To Philadelphia’s next mayor:
The city’s high school graduation rate is abysmal but has been getting better. College-going rates are inching upward.
As mayor, there is much you can do to ensure that this improvement continues and accelerates.
Bill Hangley Jr.on May 21, 2015 11:20 AM
The faces of young Philadelphia can be found sitting around a table in the sunny classroom of a neighborhood high school.
There’s a young woman from Bangladesh who loves learning, but who just two years ago spoke hardly any English.
There’s a young African American man who wants to be doctor, whose uncle once told him that he wasn’t college material.
Paul Jablowon May 20, 2015 09:45 AM
For Chanel Butler, the lightbulb went on while she was sitting in a jail cell.
For Mario Torres, it happened when he was in his state representative’s office and someone there heard him talking about going for his GED.
For Nyshai Benson, it came when her options narrowed sharply. Her mother, tired of her hanging out and doing nothing, threw her out.
Dale Mezzacappaon May 20, 2015 08:15 AM
The on-time high school graduation rate in Philadelphia has risen from 52 to 65 percent over the last eight years. A new report shows that the most rapid progress has been among traditionally at-risk groups including Black males, Hispanics, students in foster care, and those involved in the juvenile justice system.
Connie Langlandon May 18, 2015 10:01 AM
At Kensington Creative & Performing Arts High School, junior Gina Rodriguez said, she has found a place where she can be creative, express herself, and confide in teachers when she feels overwhelmed.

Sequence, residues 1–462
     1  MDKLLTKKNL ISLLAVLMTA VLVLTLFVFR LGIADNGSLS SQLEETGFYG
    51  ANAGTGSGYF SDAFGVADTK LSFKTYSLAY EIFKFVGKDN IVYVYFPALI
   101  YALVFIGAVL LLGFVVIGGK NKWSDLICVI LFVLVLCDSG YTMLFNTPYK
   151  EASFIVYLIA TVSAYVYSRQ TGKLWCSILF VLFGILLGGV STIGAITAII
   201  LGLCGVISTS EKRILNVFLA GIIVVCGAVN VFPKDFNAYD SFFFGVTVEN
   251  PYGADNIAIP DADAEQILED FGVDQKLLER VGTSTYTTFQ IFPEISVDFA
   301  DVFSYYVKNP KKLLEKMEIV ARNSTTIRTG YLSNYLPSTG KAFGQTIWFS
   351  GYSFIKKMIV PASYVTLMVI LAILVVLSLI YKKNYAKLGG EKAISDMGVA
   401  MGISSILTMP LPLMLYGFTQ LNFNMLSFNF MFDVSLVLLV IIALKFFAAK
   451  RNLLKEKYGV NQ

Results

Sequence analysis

The principal, Lisette Agosto-Cintron, said the school is so small that everybody knows everybody.
Dan Hardyon May 18, 2015 09:58 AM
Nearing the end of his second term, Mayor Nutter can chalk up among his achievements a 13-point increase in the percentage of Philadelphia high school students getting a diploma. Raising the high school graduation rate to 80 percent by 2015 was one of his main goals when he took office in 2008.
The school profiles in this guide tell you a lot about the 87 schools we describe and their programs. Here we provide statistics about how their students are performing. That is important information as you think about where to apply to high school.
Below, you’ll find data about all the District-run schools and charter schools.
For Michelle Melendez, the distractions at her local high school were too much. She was not getting her work done; she was doing poorly. “I was a troubled child,” she said.
So she enrolled in the ASPIRA Bilingual Virtual Charter School in the fall of 2011 – the school was brand-new then – and she says she has no regrets.
Sandwiches piled high on a platter, a fresh vegetable tray, pizza, sodas, cake – all for nine young people, most with Latino surnames, most male, who were the center of attention on a recent day at Olney Charter High School.
Their achievement: showing up.
Comprehensive neighborhood high schools across the nation struggle with dropout prevention, and Philadelphia’s are no different.
“What you see in that research is that these schools tend to have a higher concentration of really at-risk kids,” said Kate Shaw, executive director of Research for Action.
“In part because of that, the percentage of kids who graduate is much lower.”
And although principals at a handful of neighborhood high schools – Roxborough, George Washington, Germantown and Ben Franklin – said that helpful strategies aren’t hard to identify, most also acknowledged that implementing changes in an age of budget cuts, staff turnover, and districtwide strategic shifts is a constant challenge.